"The Filipinas have it the worst. They get jobs as maids, and first thing their employers usually do is take away their passports. They keep them under lock inside
the house, and they make them work 16 hours a day. Sometimes the husbands rape them and as a result, the jealous wives beat them. In Saudi Arabia, if they become pregnant, they go to prison or get executed. They are, not the men who rape them! The embassy doesn't do anything, they don't help them at all. They probably get a stack of money to look the other way. Same with the Indian, Bangladeshi, Indonesian and Malaysian embassies. They don't give a shit about their citizens in the Gulf region. During my time here, many Filipinas were brought in who jumped out of the window of tall buildings, because they couldn't take it anymore. They don't know what else to do. It's absolutely horrible to see these things."
-"But expats have maids as well, right? They treat them better, don't they?"
"Not all of them. Sometimes it is the same. Many expats are from a middle-class background, and they think Dubai is the promised land, where they will get rich in a jiffy. Most of them really hate Arabs, they're only there for the money. The wives usually don't work, all they do is go out and
get their hair and their nails done, do yoga or pilates, and spend the rest of the day in fancy cafés bitching about the place to other expat wives. And they let the maids take care of the kids, if they have any. Can you imagine? They don't work, but let someone else bring up their kids? I had three kids and raised them myself AND worked a job on the side. I wouldn't have it any other way."
Tracy lives in a relatively fancy apartment in a high-rise condominium on West Bay, in close proximity to Doha's ever-evolving skyline. A Persian cat, which has been shaved to look like a lion for some reason, greets our arrival.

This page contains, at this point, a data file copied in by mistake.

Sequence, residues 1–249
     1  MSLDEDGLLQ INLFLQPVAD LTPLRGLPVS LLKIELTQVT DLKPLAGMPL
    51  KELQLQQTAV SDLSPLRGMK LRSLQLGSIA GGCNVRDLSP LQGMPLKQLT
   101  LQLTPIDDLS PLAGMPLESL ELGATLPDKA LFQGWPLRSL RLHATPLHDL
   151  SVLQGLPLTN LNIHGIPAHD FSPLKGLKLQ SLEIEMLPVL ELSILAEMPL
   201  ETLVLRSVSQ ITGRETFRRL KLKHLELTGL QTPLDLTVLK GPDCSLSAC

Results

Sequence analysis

The next morning, I go out for a stroll along the Corniche, a waterfront promenade running along Doha Bay for several kilometres. As I take a picture of the Musem of Islamic Arts, an old Arab man, wearing the traditional Arab thobe and headscarf, comes up to me and asks me if I'm taking pictures. Immediately I start getting suspicious and nervous, thinking of the dignified-looking, mustachioed man as some sort of secret police
agent who has been following me around, keeping track of the pictures I've been taking, and intending on interrogating me.
"Um, yes. Just...of the Museum of Islamic Arts there." I reply hesitantly.
-"Ah, yes, it is very nice museum. You should go and visit."
"Yeah, I was just about to..."
-"Where are you from?"
He proceeds to ask me when I arrived in Qatar, how long I plan to stay, where I stay, how I like it, etc., all of which only confirm my suspicions. I answer all of his questions as truthfully as can be, to not get any in any deeper shit. I can see that after he asks the questions, he doesn't really care for the answers I produce, but instead gets this weird, hard look in his eyes. He points to a nearby bench.
-"Come. We sit."